Fleas are uncomfortable and itchy and can carry diseases to pets!
Fleas are uncomfortable and itchy. They can also carry diseases and transmit tapeworms to pets! So how do you get rid of them?
Flea bombs are one solution to getting rid of fleas, but they come with a host of potential risks for your home, family, and pets. Many of the chemicals used in flea bombs are highly toxic, and they can be inhaled or absorbed through the skin, causing a range of health problems such as respiratory distress, nausea, headaches, and skin irritation. These chemicals can also linger in the air for days or even weeks, creating an unhealthy environment. In addition, flea bombs have been known to start fires if not used properly. You can skip the flea bombs with our plan to get rid of fleas naturally, without strong chemicals or bombs.
Here are 5 steps to rid your home, pet and lawn of a flea infestation. To get rid of fleas effectively, we recommend following these flea removal steps in order.
Step 1 - Do the Laundry to Get Rid of Fleas
Wash: Pick up damp towels and throw rugs. Wash them in hot water with apple cider vinegar, which naturally repels fleas. Dry in the dryer and return throw rugs to their respective places after the floors have been treated. Strip beds down to the mattress and box springs—blankets, duvets, mattress pads and pillow protectors can be infested, especially if pets sleep in the bed. This would be a good time to vacuum the mattress and box spring as well.
Don't forget pet bedding. It will have the largest concentration of fleas and eggs. Remove covers from beds and inspect the foam. If it can be washed or hosed off, this is your best chance of removing fleas. Otherwise, use the salt trick (#2) on pet bedding.
Step 2 - Kill Household Fleas with Salt
Salt: You can rid your home of fleas without chemicals by using common items from your cupboard. Process salt or sea salt in a food processor until it is as fine as powder. Sprinkle it lightly, but evenly, over carpets, rugs and upholstered furniture. Leave it for 48 hours, and then vacuum thoroughly. The salt will dehydrate the fleas. For serious infestations mix the salt with boric acid, commercially known as Borax and found in the laundry section of the grocery store.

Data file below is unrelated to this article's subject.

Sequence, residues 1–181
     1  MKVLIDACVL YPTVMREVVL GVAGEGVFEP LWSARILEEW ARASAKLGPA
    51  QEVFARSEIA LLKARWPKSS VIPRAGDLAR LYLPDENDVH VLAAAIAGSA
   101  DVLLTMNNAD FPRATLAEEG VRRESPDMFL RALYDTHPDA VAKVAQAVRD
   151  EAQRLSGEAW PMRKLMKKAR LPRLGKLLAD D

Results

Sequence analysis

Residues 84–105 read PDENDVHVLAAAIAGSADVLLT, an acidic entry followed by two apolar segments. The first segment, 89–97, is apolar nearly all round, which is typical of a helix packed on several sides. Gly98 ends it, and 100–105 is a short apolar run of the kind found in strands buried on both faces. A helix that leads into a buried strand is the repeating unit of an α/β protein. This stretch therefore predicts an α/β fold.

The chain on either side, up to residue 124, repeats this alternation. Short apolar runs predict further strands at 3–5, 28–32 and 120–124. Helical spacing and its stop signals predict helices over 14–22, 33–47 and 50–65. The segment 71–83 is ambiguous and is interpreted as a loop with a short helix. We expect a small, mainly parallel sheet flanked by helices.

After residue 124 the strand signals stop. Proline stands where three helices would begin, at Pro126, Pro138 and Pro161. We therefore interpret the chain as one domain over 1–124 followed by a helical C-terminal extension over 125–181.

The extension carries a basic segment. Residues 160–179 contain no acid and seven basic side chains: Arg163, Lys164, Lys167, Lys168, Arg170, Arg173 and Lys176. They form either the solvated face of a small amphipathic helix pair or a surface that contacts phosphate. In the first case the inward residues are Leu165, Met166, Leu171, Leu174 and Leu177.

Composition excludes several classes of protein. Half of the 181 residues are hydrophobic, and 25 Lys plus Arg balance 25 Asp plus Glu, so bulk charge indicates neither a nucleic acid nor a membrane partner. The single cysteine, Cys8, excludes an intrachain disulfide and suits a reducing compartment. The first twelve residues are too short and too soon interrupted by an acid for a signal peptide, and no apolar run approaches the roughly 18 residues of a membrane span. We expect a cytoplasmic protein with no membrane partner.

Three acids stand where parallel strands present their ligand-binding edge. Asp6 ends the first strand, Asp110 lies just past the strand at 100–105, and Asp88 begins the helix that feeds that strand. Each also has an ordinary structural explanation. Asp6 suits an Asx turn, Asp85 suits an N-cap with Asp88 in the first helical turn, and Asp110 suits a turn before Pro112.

Vacuum: When vacuuming furniture, remove the cushions and use the crevice tool to access all of the hiding places. Be sure to turn furniture over and vacuum the underside as well as the sides and back. Every inch should be touched. Don't forget to vacuum the carpets under the furniture as well. Empty the vacuum canister immediately into an outside, airtight bag or container.
Mop: Mop hardwood or tiled floors with an apple cider vinegar and water mixture. Two cups of vinegar to one gallon of water will encourage fleas to emerge from holes and cracks. Be sure to get to the door edges, corners and under appliances.
Step 3 - Treat Your Lawn to Get Rid of Fleas
Treat the source of the infestation—the lawn. Using a non-chemical spray, like Natural Alternative® Organic Mosquito, Tick and Flea Control, treat the area of the lawn where the pet spends the majority of its time. Mowing the lawn before you spray is helpful. Remove debris like fallen leaves, grass clippings or other items before treating the yard.
Treat the shaded or partially shaded areas especially well. Don't forget dog houses, outdoor bedding, under trees, shrubbery, bushes and under the deck or porch. Re-apply outdoor flea control products every 30 days to continue disrupting the gestation cycle and control populations.
Step 4 - Bathe Your Pets to Get Rid of Fleas
Bathe your pets with a gentle shampoo or a citrus-based dish washing liquid. Fleas don't clinch onto hair, so they will fall into the water and drown. Expect to see brown specs and in some cases dried blood and discolored water. Comb the pet with a flea comb after the bath, as well as throughout the summer months, to check for further infestation. Clipping the pet's hair to a shorter length helps skin heal, makes flea combs more effective and allows you to more thoroughly check for remaining fleas. Rub pet fur with citrus. Rub the rind over the pets' fur and deter fleas. Eucalyptus oil works, too.
Step 5 - Detail Your Car Interior to Remove Fleas
Does your pet ride in the car? Fleas live there, too. Use the recommended salt treatment for home carpets and furniture to treat carpets and seat upholstery. Remember to vacuum crevices, glove boxes, consoles and the trunk. Depending on how much time your pet spends in the car with you, it may be a good time to have the vehicle detailed—on the inside at least.
Getting rid of fleas naturally is easier than you may think. These steps can help get rid of fleas naturally, without the use of harsh chemicals or treatments. With some diligence and patience, you can get rid of fleas in your home for good. Good luck!